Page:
But if you feed any substantial amount of treats you generally need to consider reducing the dog food calorie intake to ensure that your dog doesn’t gain weight.  Shark cartilage has the perfect combination of high levels of active ingredients,  LOW FAT (2%),  NO CARBS (so suitable for diabetic dogs),  HIGH ASH content (which means an inert non fattening material essentially a filler like fibre),  and relatively high protein, which from an animal source is always better than from a vegetable source,

Why whole shark cartilage dog treats?

As mentioned in the previous paragraph. They won’t make your dog fat

They will provide pain relief and joint support

They provide great chewing for small and medium dogs, strengthening gums and cleaning teeth.

For these very reasons, if your dog has strong enough jaw pressure to eat them, you should always try and give your dogs whole shark cartilage.  If you have a large dog, we have shark cartilag wide products too.

WHY powdered shark cartilage dog treats?

The actual main reference article was based on the Queensland government industry support group from assessing the value of assisting commercial groups in producing shark cartilage powder. This is because they believed that it would have a bigger market – potentially even human consumption, at much cheaper cost than pharmaceutical produced similar products.

Shark cartilage powder can be sprinkled over dog food of any type, and as long as the dog doesn’t mind the slight fish smell of the product, it will just blend into the food mix.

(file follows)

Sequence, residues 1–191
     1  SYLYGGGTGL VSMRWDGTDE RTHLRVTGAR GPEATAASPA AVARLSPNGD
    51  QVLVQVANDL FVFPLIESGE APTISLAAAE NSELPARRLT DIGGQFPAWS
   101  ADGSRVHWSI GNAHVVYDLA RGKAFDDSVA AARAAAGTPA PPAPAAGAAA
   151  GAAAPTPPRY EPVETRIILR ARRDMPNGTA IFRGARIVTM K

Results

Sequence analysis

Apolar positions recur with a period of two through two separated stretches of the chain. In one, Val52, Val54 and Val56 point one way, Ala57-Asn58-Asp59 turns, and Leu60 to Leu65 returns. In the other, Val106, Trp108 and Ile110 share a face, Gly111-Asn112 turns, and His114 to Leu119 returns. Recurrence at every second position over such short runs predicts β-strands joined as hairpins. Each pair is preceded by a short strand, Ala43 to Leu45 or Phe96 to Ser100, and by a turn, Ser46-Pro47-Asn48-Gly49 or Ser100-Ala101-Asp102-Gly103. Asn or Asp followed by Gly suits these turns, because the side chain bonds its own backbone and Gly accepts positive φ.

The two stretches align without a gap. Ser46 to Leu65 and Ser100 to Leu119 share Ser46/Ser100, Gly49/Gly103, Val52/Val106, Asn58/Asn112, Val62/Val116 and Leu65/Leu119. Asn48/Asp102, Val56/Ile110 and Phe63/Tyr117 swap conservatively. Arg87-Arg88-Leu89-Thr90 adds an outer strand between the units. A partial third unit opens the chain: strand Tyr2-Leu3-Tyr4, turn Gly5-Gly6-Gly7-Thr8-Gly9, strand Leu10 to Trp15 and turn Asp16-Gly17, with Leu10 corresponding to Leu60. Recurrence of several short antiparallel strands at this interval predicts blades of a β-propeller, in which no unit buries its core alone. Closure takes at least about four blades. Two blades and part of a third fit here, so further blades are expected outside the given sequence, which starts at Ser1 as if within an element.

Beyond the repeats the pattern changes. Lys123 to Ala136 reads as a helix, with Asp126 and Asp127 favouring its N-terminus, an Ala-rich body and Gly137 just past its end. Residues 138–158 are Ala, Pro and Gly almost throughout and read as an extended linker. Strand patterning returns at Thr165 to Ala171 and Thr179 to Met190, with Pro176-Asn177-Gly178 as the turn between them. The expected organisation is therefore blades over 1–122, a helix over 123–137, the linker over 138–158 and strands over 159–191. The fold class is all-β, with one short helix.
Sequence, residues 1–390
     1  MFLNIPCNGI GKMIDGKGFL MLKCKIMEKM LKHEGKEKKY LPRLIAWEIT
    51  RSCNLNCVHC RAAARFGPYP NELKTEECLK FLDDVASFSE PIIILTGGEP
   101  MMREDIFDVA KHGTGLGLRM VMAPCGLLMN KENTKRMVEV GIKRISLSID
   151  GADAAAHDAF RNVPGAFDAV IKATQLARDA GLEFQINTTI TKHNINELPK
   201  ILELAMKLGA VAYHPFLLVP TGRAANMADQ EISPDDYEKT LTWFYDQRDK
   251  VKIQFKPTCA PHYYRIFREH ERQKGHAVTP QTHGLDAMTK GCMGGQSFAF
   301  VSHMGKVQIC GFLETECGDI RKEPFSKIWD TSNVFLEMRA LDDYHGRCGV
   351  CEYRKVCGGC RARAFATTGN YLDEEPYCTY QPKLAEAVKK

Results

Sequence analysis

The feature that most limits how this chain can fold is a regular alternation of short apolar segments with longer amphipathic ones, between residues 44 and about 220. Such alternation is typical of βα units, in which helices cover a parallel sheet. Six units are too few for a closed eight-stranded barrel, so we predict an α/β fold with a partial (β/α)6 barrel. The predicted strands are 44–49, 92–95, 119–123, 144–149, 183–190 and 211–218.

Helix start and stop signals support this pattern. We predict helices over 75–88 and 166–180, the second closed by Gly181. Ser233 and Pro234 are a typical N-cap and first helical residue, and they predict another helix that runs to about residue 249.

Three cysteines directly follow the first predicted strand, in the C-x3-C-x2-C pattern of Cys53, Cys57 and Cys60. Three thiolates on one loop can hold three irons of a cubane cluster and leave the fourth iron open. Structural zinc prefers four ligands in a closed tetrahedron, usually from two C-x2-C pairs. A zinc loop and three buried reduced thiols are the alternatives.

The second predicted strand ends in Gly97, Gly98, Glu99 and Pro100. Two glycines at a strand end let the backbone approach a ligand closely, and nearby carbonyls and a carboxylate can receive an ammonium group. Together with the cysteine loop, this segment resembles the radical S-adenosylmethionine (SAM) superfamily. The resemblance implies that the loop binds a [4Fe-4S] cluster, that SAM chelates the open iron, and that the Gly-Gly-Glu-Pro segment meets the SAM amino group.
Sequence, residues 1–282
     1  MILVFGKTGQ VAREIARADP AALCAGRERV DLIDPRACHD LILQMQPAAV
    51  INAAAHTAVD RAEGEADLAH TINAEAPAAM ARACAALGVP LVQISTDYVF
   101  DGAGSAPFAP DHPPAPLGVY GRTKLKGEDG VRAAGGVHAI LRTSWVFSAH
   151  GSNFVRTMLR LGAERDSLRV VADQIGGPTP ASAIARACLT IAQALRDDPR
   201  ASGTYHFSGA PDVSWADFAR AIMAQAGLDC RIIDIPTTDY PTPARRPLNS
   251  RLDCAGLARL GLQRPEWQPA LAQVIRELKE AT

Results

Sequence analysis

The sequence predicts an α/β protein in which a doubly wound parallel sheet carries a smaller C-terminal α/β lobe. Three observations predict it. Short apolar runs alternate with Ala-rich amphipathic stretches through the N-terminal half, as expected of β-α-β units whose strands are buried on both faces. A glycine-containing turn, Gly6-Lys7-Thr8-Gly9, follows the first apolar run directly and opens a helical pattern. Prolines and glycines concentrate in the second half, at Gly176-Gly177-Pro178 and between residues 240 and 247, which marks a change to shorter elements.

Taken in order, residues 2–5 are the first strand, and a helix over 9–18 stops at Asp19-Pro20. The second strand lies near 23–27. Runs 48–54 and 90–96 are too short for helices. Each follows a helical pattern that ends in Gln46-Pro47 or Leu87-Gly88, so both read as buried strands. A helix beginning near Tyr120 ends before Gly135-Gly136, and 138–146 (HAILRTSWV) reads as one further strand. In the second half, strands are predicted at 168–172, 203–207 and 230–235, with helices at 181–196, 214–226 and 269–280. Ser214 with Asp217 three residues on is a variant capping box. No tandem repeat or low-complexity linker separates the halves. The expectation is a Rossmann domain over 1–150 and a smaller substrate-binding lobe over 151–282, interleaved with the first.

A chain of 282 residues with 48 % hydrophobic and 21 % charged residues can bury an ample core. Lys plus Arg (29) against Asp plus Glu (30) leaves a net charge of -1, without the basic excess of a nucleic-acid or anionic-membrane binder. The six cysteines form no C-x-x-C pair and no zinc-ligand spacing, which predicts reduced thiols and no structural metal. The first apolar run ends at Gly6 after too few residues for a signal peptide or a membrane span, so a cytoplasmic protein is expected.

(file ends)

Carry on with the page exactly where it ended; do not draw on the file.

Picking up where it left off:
We source varieties in super fine and small grain, but both are very small particles acceptable to all dogs eating.

What can shark cartilage do?

shark cartilage extracts are believed to have :  anti-angiogenic properties (reduction of the area of blood vessels observed in vivo on experimentally induced tumours), tumour regressive activity in vivo as well as demonstrating a direct inhibitory effect on tumour cell lines. ” REF 2

Shark Sustainability

Sharks are caught under quota in Australia.

Sharks are mainly caught for restaurant and cafe ‘flake’ flesh trade.

The fin is then often exported to Asian countries. To put this into perspective “In 2015, more than 3,000 kilograms of shark fins were exported to Hong Kong, while just over 300kg were exported to Singapore from Australia.”

The shark cartilage in the fin would be discarded if it wasn’t recycled for dog treats.

 Gummy shark levels in Southern Australia   –   The site  ( fish .gov .au  )   says under Stock Status  …

“…. These results indicate that the three populations examined (Bass Strait, South Australia and Tasmania) are unlikely to be recruitment overfished”   The stock assessment gave a recommended biological catch of 2010 tonnes (t) however; this was above the historical average catch for the fishery. As a result, the Commonwealth Shark Resource Assessment Group recommended retaining the (lower) 2013–14 total allowable catch (TAC) of 1836 t for the 2014–15 to 2016–17 seasons, as a 3-year (multi-year) TAC9. Total combined commercial catch (state and Commonwealth) for the three subpopulations in 2015 was 1780 t. This level of fishing pressure is unlikely to cause this part of the biological stock to become recruitment overfished”.

It would appear that the government employs considerable resources to ensure that these fish do not become over-fished and endangered.  Constant monitoring and reporting ensures this.


REF  1    Development of a Process to Manufacture Powdered Shark Cartilage by Dr Craig Davis Centre for Food Technology DPI Queensland department of Primary Industry

REF 2  Extracts of shark cartilage having an anti-angiogenic activity and an effect on tumor regression; process of making thereof – by Eric Dupont, Paul Brazeau, Christi Juneau (1994)